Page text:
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I Saw In Louisiana A Live Oak Growing Analysis



Author: Poetry of Walt Whitman Type: Poetry Views: 1483

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I SAW in Louisiana a live-oak growing,

All alone stood it, and the moss hung down from the branches;

Without any companion it grew there, uttering joyous leaves of dark

green,

And its look, rude, unbending, lusty, made me think of myself;

But I wonder'd how it could utter joyous leaves, standing alone

there, without its friend, its lover near--for I knew I could

not;

And I broke off a twig with a certain number of leaves upon it, and

twined around it a little moss,

And brought it away--and I have placed it in sight in my room;

It is not needed to remind me as of my own dear friends,

(For I believe lately I think of little else than of them;)

Yet it remains to me a curious token--it makes me think of manly

love;10

For all that, and though the live-oak glistens there in Louisiana,

solitary, in a wide flat space,

Uttering joyous leaves all its life, without a friend, a lover, near,

I know very well I could not.





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||| Analysis | Critique | Overview Below |||

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Does Whitman, as a poet, utter 'joyous leaves'? What kind of leaves would we say that the chief American poet utters?

| Posted on 2015-04-27 | by a guest


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I took from the poem that he sees a reflection of himself in nature which leads him to an understanding of himself, particularly an understanding of what makes him happy, which most people in this world could not tell you what that is for them, which is truly sad.
-Highschool student

| Posted on 2010-11-10 | by a guest


.: :.

I am only a high school student, I am not a professional. I wrote the comment above for a discussion for my American lit class. Please give me feedback or delete it or something...

| Posted on 2009-01-30 | by a guest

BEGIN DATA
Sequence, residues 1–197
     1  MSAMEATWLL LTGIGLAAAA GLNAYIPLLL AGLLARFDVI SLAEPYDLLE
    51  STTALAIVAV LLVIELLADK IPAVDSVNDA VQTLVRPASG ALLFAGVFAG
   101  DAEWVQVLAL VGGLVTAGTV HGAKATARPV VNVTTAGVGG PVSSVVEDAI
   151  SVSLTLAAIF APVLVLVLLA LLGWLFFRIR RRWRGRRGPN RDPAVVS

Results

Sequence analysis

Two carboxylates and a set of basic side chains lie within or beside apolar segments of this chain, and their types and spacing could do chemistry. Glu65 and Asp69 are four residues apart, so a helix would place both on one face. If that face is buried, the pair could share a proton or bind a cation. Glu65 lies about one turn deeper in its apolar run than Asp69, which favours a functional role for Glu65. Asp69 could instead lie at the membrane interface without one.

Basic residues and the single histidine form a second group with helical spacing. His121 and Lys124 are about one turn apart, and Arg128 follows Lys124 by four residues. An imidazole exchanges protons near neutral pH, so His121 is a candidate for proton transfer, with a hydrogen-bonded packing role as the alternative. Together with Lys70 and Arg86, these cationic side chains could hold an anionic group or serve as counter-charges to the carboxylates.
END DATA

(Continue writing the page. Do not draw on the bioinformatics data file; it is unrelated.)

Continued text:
.: :.

In "I saw in Louisiana a Live-Oak Growing," Whitman reveals much about his connection with nature, as well as more personal ideas. He shows himself as a romantic poet by thinking of the the beauty of the earth and as well as the earth's feelings: "utter joyous leaves, standing alone there" (5). Although we have not learned much about modernism yet, from what I understand, modernism introduces more abstract and creative ideas not limited to nature or a specific subject. I think Whitman creates more modernist ideas with introducing the friendship that nature has. Whitman not only depicts Nature as physically like humans, but emotionally like humans, sharing the ability for relationships and feelings. The feelings of the tree in this poem also connects to the speaker. He speaks of his love and friendships in his life. It is curious as well to discern what type of love he describes. There is a possibility that Whitman describes either a deep friendship with another man or possibly more: "It makes me think of manly love" (12). He also choses to refer to his love interest as his "lover" without offering any description or elaboration. In this time especially, this form of love did not prove as acceptable to the general public. He says, "without a friend, its lover near--for I knew I could not;" meaning he could not see his "lover" (15). For this reason, Whitman describes the speaker of the poem sadly remaining alone as the tree stands alone as well.

| Posted on 2009-01-30 | by a guest




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